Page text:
Whether you spend the majority of your day sitting at a desk. Or maybe you find yourself regularly lifting heavy objects as you restock supplies. The bottom line is, if you’re female, you’re at greater risk for back injury on the job. The problem, as you might have guessed, is all in how women are built and in the way they engage their muscles, joints and bones as they move. When women lift heavy objects, for instance, they tend to move each joint separately rather than in unison, which puts a lot of stress on the lower spine. Women who sit for long hours each day also suffer when their furniture is not customized to provide the support their frames need.
There are a few easy ways to combat back injuries on the job:
1) Use proper lifting technique to prevent back injuries.
Always lift from the legs rather than the back, and move as fluidly as possible. Never attempt to lift a heavy box entirely on your own. Ask a coworker for help.
2) Always use individually customized furniture and ergonomic equipment.
Male or female, it’s important that your workspace adjust to fit your body and your behavior. Ideally, invest in an ergonomic chair that provides ample lumbar support and can be lowered or raised so that the soles of your feet lie flat against the floor. It’s also wise to invest in a laptop and tablet stand to raise the screen of your devices so that you can keep your neck in a neutral position as you look at the screen. This matters not just for the neck itself, but because straining your neck also generally leads to poor posture. Furthermore, this can translate into back pain. Taking the time to find your individual fit will pay off in comfort and health in the long run.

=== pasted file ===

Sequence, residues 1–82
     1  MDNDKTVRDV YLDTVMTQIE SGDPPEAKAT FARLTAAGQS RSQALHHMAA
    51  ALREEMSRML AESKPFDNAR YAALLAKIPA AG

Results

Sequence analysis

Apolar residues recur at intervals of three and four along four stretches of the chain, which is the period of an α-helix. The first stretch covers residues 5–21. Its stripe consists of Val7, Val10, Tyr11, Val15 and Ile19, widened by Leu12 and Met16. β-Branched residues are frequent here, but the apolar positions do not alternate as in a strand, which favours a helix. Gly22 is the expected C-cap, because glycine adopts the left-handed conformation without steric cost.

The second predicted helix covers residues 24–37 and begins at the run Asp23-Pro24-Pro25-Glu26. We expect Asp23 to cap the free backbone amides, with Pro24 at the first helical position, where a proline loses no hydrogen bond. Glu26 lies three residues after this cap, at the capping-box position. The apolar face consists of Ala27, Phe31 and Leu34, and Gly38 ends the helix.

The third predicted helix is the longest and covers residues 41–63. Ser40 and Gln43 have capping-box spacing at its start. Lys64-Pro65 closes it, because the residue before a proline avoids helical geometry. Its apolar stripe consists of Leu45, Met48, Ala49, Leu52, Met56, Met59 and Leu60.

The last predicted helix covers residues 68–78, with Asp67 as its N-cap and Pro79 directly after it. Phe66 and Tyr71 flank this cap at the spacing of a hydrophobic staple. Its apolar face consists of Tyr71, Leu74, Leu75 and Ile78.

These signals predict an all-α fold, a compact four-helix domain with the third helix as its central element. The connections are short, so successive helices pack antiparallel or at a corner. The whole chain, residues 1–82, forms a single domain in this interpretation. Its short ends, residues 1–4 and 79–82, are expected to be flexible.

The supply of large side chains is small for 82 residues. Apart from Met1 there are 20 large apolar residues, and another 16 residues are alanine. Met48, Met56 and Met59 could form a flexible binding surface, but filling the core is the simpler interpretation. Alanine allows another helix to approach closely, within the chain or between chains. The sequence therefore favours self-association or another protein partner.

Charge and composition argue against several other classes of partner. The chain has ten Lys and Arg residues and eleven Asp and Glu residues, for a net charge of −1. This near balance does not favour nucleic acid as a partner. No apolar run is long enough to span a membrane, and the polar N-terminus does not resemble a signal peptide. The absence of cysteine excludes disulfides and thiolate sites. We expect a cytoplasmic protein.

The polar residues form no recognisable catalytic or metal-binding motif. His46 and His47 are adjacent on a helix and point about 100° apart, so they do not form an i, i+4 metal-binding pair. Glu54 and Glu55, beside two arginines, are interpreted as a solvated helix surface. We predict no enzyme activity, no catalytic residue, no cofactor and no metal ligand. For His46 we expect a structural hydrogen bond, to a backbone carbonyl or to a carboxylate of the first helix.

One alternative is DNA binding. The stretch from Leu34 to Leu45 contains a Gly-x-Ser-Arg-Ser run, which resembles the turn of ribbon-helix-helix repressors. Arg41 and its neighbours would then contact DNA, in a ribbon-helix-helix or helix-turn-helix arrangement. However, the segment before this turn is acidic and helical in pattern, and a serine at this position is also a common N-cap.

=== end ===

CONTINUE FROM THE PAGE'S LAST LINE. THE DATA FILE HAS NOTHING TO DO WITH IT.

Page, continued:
Taking frequent breaks to get up and move around will gently challenge your muscles and joints to move in new ways, which will help prevent repetitive strain injuries. Stretching right at your desk can also be highly effective, whether you’re simply arching your back or reaching for the ceiling. Stopping for a stretch break will also refresh you mentally and prepare you for productivity when you pick back up again.
For more on the risk of back injuries in the office, especially for women, we highly recommend reading this in-depth report from the Wall Street Journal.
Do you suffer from back pack? Tell us about your experiences in the comments below.